Q: What characteristics of corrugated steel pipe made it particularlysuitable for this project?

A: Corrugated steel pipe structural plate (CSPSP) was chosen for the tunnel because it provided the strength, durability, and construction speed needed versus a conventional bridge or customized cast-in-place structure. R.E. Monks Construction Co. installed 660 linear feet of CSPSP that had a 23-foot span and a 19-foot rise. Plate Erectors assembled the plate structure. A shape control technician was onsite to monitor the structure until minimum backfill cover was obtained.

Q: What performance propertiesof corrugated steel pipe set it apart from other types of pipe?

A: Corrugated steel pipe (CSP) has the strength, design flexibility, and durability to provide solutions to most any project. While the benefits of traceability give engineers, designers, and owners confidence in CSP’s reliable performance, its sustainability provides environmental benefits.

Corrugated Steel Pipe Manufacturers

Armtec, Ltd.
www.armtec.com

Atlantic Industries Ltd.
www.atlanticindustries.us

Atlantic Pipe Corp.
www.atlanticpipe.com

Big R Bridge
www.bigrbridge.com

C & K Johnson Industries, Inc.
www.ckjohnsonind.com

CONTECH Construction Products Inc.
www.contech-cpi.com

Dub Ross Co.
www.dubross.com

Edwards Culvert Co.
740-694-5096

Hawaii Concrete Products, Inc.
808-682-5639

Huron Tank and Culvert
www.huronculvert.com

Illowa Culvert and Supply
www.illowaculvert.com

J&J Drainage Products Co.
www.jjdrainage.com

Jennmar Specialty Products
www.jennmarspecialty.com

Jensen Bridge and Supply Co.
www.jensenbridge.com

Johnston Fargo Culvert, Inc.
www.johnstonculvert.com

Lane Enterprises, Inc.
www.lane-enterprises.com

Metal Culverts, Inc.
www.metalculverts.com

Pacific Corrugated Pipe Co.
www.pcpipe.com

Roscoe Culvert
www.roscoeculvert.com

Southeast Culvert, Inc.
www.southeastculvert.com

St. Regis Culvert
www.stregisculvert.com

Thompson Culvert Co.
www.thompsonculvert.com

Wyatt Resources, Inc.
www.wyattresources.com

Information contributed by the National Corrugated Steel Pipe Association (www.ncspa.org).

 

Ductile iron pipe

Q: Briefly describe a recentsignificant project that usedductile iron pipe.

A: Pittsfield Charter Township, Mich., used horizontal directional drilling (HDD) to install about 30,000 feet of 8-inch ductile iron pipe. This pipeline, designed by Stantec’s engineering offices in Ann Arbor, Mich., was installed to upgrade the existing township water system by providing an upsized replacement to an existing 6-inch pipeline. The township wanted a trenchless installation and Stantec’s evaluation determined that HDD was the most economic alternative. To ensure a long service life, the pipeline was installed using polyethylene encasement to protect the pipe from the possible effects of corrosion. The use of HDD allowed ductile iron pipe to be installed without open-cut trenches through the neighborhoods along the pipeline’s right-of-way.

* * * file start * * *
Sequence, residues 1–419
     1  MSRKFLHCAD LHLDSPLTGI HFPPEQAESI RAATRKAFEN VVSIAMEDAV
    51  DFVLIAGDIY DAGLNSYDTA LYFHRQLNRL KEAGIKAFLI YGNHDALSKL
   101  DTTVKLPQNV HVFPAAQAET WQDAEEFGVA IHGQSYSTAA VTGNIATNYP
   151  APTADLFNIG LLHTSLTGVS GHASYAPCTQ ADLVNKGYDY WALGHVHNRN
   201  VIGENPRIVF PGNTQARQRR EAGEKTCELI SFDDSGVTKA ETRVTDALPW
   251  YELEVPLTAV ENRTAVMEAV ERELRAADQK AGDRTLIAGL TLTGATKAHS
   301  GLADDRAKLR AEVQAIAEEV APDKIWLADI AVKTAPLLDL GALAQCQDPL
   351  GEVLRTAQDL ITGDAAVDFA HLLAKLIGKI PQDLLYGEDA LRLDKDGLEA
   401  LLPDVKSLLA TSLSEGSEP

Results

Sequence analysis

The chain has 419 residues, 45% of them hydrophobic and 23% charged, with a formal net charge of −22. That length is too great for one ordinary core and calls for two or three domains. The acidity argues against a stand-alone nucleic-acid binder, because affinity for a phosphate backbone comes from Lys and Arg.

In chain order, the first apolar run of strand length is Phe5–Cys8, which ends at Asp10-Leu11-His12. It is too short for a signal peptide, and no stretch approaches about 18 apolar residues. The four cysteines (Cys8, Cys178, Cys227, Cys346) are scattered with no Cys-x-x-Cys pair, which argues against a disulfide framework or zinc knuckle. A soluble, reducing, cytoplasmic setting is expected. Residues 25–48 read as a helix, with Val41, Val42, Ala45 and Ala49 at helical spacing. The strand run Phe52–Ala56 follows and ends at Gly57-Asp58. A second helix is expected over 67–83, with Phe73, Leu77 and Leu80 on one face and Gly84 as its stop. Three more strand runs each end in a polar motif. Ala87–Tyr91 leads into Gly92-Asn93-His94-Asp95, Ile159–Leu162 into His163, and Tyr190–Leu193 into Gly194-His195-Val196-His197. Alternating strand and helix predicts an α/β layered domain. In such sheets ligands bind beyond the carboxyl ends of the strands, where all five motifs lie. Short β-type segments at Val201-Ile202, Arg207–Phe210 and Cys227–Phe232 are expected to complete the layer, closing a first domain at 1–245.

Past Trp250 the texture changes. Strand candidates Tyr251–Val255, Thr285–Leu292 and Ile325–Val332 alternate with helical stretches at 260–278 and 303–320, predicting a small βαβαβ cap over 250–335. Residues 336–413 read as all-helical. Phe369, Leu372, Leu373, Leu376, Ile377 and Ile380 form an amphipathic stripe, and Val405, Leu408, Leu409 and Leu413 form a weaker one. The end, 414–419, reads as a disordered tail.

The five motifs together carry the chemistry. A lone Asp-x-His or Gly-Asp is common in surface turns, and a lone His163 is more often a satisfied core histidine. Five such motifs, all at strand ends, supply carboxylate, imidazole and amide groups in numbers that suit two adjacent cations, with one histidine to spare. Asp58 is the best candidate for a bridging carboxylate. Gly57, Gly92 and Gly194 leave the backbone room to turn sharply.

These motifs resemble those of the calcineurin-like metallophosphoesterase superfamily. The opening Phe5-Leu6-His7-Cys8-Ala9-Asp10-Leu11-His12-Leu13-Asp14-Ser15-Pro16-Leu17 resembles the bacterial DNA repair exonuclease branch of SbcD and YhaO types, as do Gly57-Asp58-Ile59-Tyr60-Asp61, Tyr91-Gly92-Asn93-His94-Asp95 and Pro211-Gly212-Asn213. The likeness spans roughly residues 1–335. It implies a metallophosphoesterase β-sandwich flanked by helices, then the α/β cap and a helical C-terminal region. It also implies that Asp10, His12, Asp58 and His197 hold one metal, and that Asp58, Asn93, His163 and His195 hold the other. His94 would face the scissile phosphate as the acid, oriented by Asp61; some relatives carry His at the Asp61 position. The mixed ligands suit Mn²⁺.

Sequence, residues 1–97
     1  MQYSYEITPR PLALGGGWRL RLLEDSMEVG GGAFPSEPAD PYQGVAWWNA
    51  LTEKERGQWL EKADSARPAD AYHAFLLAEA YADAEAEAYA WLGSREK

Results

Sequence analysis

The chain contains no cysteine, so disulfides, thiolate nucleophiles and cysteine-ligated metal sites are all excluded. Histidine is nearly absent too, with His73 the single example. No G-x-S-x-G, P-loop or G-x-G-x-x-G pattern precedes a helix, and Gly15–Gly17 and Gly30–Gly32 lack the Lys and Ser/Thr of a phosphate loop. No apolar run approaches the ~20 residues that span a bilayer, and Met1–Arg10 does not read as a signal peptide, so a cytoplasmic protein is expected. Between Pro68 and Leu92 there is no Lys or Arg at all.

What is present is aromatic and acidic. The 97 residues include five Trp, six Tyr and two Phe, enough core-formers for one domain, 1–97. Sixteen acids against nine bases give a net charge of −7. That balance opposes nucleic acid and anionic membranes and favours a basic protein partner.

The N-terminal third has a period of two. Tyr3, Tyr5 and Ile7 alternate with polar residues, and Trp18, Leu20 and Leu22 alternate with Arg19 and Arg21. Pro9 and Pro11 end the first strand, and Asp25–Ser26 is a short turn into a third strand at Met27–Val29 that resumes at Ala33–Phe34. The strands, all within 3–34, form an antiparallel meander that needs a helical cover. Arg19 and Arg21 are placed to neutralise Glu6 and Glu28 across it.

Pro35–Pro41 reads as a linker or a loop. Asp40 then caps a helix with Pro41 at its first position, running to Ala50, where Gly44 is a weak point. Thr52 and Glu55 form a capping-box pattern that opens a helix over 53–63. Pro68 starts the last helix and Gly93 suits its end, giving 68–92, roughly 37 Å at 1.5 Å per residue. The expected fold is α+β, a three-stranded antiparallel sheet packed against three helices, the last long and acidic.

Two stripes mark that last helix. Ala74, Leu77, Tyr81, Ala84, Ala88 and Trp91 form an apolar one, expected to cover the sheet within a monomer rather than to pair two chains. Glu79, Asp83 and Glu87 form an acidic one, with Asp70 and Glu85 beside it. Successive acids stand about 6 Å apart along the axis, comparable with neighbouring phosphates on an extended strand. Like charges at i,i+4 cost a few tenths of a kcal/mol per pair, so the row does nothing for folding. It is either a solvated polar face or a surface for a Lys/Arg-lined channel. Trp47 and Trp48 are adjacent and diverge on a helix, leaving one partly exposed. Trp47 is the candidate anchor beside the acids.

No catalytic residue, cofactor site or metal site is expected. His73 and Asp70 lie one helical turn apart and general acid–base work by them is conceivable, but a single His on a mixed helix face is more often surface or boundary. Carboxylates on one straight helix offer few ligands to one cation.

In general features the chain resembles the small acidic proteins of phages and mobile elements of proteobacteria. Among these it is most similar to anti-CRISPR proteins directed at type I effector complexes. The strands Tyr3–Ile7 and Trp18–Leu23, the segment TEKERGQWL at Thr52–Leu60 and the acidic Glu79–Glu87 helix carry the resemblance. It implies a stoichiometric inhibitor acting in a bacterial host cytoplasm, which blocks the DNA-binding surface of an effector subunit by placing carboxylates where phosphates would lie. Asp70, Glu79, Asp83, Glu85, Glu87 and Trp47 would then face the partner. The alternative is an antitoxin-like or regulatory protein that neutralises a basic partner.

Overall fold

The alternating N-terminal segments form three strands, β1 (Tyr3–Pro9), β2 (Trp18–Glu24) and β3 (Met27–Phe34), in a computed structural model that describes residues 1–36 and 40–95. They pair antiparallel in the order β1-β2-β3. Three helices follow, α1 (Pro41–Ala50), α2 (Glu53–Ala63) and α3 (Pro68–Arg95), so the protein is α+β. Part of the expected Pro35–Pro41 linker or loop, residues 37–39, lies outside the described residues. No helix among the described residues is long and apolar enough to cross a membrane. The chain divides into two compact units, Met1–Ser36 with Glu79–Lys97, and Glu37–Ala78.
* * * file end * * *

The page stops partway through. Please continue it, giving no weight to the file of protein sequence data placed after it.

In Pittsfield Township, Mich., 8-inch ductile iron pipe was assembled at the insertion point for pulling through the prepared bore-path. Polyethylene encasement of the exterior of the pipe was applied for corrosion control.

Q: What characteristics of ductile iron pipe made it particularly suitable for this project?

A: HDD installations with ductile iron pipe have an advantage compared with other pipe materials since the installation can be readily accomplished by either the cartridge method, used in the Pittsfield Township project, that is unique to segmented ductile iron pipe; or an assembled-line method where pipes are pre-assembled on an adjacent right of way, then pulled in as a single unit. Because the bulk density of empty ductile iron pipe is normally close to that of the soil/fluid slurry that is used, there may be very little normal force from gravity or buoyancy to increase friction against the walls of the bore path, reducing the pulling forces required. As a result, ductile iron pipe has been increasingly used as the material of choice in HDD installations. Ductile iron pipe’s proprietary restrained joint systems, as recommended by the pipe manufacturer, allow ductile iron pipe to be pulled through the bore path smoothly and quickly.

Q: What performance propertiesof ductile iron pipe set it apartfrom other types of pipe?